The big day came and went rather uneventfully. I awoke quietly and lay in bed assessing everything, expecting something to feel different. I didn’t feel any older and, surprisingly, I wasn’t monstrously depressed that one more year ticked down on my doomsday clock. It was just another day and I got up and lived it as such, though since it’s me we’re talking about, I did a lot of thinking. Now, don’t take this as some sort of morbid or overly serious assessment of my mortality, but I did spend a lot of time thinking about what I’d done with the thirty years I’d managed not to get hit by a bus or struck down by the bubonic plague. I’ve been far from home, seen exotic sights, strolled moonlit French beaches, and run through Central Park at 2am. I sang in Carnegie Hall and on the Warroad mini-theater stage and you might be surprised which place was more fun. I’ve been married, divorced, pregnant, in love, broken hearted, depressed, gloriously and ridiculously silly, and simply normal and mundane. There are plenty of little fun highlights in there and I like to think that I seize opportunities to make memories, but I’m not sure I’ve done anything with a great deal of purpose. I only think about the purpose aspect because of a boy named Adam who was a very dear friend.
I tend to think about Adam randomly throughout the year, but I always have him on my mind on my birthday and on Christmas. Adam and I spent the tenth grade together in a little Minnesota town called Lewiston. One year, that’s all I got there and my family was moving again. Before the move was my 17th birthday and Adam new how much I like to fish so he invited me to come trout fishing in the streams by his house. I was excited for the whole month leading up to my birthday. I had my license and a fishing outfit, even a special hat. When I got out to his house we fished for about an hour before he suggested we switch to a different stream. As we passed his garage to cross the road, all the friends I made that year came running out yelling, “Surprise!” The entire fishing expedition was a ruse to cover for a surprise birthday party. It was interesting to me that Adam was the one to throw that party, since until that moment I wouldn’t have labeled him as one of the closest of my new friends.
After that Adam and I stayed in touch through email and I was always asking his advice. He was one of those bouncy, smiling people so full of light and energy that it spreads to the whole room when they walk in. I loved tapping into that energy and listening to him joke. For two years after I moved we stayed friends and when I got engaged before graduation, it was Adam I called with a special request. I had several female friends that I was very close to, but there was something very special about Adam and I asked him to be my Man of Honor in the wedding. He proudly accepted.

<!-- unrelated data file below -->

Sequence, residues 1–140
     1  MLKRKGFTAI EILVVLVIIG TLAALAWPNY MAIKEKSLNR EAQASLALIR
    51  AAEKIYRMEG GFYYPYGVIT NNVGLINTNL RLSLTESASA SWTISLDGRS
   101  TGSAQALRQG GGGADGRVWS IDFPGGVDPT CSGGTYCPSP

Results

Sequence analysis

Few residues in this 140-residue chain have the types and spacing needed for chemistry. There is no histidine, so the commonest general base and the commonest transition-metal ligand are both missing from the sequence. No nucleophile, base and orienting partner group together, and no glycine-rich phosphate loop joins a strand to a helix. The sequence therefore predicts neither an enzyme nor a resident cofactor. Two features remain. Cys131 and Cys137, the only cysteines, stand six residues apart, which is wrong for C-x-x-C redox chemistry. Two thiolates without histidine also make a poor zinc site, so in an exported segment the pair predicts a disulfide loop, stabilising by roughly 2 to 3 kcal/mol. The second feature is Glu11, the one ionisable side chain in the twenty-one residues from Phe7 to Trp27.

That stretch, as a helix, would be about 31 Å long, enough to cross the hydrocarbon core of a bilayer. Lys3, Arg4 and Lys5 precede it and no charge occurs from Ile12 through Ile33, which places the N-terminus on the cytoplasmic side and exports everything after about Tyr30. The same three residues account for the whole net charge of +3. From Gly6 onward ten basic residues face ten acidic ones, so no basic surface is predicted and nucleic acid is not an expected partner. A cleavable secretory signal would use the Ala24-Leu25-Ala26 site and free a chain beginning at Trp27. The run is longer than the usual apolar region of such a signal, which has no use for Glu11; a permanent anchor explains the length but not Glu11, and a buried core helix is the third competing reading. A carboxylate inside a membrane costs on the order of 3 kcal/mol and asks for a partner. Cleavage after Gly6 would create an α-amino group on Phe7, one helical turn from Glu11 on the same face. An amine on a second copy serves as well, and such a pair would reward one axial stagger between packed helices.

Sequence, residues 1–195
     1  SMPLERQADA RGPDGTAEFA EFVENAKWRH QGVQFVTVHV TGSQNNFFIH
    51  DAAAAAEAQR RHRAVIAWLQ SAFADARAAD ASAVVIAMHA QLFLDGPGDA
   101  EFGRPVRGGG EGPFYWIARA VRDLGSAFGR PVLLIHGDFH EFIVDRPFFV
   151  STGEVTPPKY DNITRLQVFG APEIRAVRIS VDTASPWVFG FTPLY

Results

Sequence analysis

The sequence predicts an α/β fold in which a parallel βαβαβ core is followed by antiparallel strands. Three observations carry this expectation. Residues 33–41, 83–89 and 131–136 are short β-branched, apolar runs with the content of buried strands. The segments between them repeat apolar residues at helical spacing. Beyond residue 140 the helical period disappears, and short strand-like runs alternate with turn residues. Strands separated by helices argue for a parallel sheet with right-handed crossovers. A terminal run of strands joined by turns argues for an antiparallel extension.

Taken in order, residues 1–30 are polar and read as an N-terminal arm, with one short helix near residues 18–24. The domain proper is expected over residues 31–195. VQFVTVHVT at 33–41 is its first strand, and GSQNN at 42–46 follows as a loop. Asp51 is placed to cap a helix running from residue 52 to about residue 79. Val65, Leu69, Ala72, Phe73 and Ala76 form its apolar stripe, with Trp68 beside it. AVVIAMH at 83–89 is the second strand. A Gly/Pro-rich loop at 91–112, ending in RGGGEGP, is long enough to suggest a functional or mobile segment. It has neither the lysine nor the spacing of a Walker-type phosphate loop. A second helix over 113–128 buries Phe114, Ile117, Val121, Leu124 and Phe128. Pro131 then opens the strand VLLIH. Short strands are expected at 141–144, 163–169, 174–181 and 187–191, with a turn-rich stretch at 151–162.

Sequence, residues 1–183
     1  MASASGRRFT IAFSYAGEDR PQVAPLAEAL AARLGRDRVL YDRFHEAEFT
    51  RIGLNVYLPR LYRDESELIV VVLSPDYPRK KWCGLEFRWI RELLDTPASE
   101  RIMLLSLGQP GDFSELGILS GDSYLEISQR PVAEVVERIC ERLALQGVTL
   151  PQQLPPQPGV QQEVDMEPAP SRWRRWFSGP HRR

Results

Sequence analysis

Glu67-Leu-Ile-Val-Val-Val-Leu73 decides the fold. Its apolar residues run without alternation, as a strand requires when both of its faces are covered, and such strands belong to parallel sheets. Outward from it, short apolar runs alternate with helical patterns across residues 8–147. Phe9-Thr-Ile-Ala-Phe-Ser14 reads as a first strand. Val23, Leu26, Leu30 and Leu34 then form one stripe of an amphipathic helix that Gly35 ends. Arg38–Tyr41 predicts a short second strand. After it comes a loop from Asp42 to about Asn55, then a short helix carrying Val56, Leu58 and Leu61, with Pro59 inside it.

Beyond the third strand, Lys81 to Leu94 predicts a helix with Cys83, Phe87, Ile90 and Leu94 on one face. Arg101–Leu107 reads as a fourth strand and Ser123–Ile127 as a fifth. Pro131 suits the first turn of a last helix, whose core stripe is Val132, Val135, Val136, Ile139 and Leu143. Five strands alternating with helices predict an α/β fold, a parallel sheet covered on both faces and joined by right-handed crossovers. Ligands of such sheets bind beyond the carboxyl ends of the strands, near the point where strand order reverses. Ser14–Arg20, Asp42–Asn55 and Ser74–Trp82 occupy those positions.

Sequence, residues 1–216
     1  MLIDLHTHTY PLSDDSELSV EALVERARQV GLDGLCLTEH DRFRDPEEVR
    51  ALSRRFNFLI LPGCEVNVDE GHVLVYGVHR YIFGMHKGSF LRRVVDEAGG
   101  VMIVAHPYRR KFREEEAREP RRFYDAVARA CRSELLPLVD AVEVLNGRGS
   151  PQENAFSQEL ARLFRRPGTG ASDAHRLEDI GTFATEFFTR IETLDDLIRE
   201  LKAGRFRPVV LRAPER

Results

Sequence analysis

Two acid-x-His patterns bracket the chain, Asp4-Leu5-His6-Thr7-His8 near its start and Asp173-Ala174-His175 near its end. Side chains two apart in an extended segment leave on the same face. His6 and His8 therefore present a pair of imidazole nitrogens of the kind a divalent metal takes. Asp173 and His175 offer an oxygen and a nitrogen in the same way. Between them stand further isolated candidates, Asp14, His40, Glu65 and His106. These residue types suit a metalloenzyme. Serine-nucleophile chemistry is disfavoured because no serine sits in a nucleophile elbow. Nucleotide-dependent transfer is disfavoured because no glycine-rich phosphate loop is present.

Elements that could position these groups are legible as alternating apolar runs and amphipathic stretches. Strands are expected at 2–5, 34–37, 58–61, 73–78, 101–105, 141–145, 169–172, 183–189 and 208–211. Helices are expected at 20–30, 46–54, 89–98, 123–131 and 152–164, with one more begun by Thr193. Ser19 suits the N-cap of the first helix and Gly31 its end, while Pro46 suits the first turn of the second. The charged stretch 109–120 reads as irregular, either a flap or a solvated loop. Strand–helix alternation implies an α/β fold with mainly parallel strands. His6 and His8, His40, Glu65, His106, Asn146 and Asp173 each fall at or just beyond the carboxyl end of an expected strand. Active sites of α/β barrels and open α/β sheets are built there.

Off to college I went, keeping busy with classes and wedding plans, and hardly talking to Adam at all, but secure in the knowledge that in the spring he would be standing beside me on my wedding day. Then a couple days after Christmas my mom called my fiancé and I with the devastating news that Adam had been killed in a car crash along with his sister.
Since that day there’s been a rather large and empty hole where all the happiness Adam brought to the world used to be. Every year after Christmas I cringe a little when the phone rings and on my birthday I think about the best day anyone ever gave me. Someone like that, who seems to have so much to offer, should be destined to fulfill some amazing purpose. Could he really have been done already? What would he have done with another year? Where would he be if he was turning 30? I like to think that we all have something we’re supposed to accomplish before we kick it and head off to whatever is next, but I suppose that’s more than a bit idealistic. I see this over and over though, and honestly it’s beginning to piss me off. People with the potential to do anything dying before they even get a chance to try. An amazing teacher with the ability to change the lives of her students crippled in a car accident, never to teach again. Sometimes I think the universe has a vendetta against the people who would make it a better place. In an ideal world, those of us left behind would step up to fill the shoes of the friends who get struck down, but we’re not all made the same way. I personally don’t have grand plans for making the world a better place. The best I think I’ll ever do is to be a nice and helpful person, but honestly that would go an awfully long way if everyone could grasp that mindset. As for my purpose, who knows? I’ve made it to 30, and I’m hoping to at least double that (barring those buses and pesky plaugues). I like to think my purpose is the future and making it there, continuing on as I have, maybe getting a bit bolder along the way. A purpose of the future in that maybe I’m just an example for Cole, or for my future grandkids and they’ll hear stories about me and it will make them want to do something big, like cure cancer, travel to Mars, or solve world hunger. Who knows, but I just like looking at Cole and thinking that somehow, he’s why I’m still around.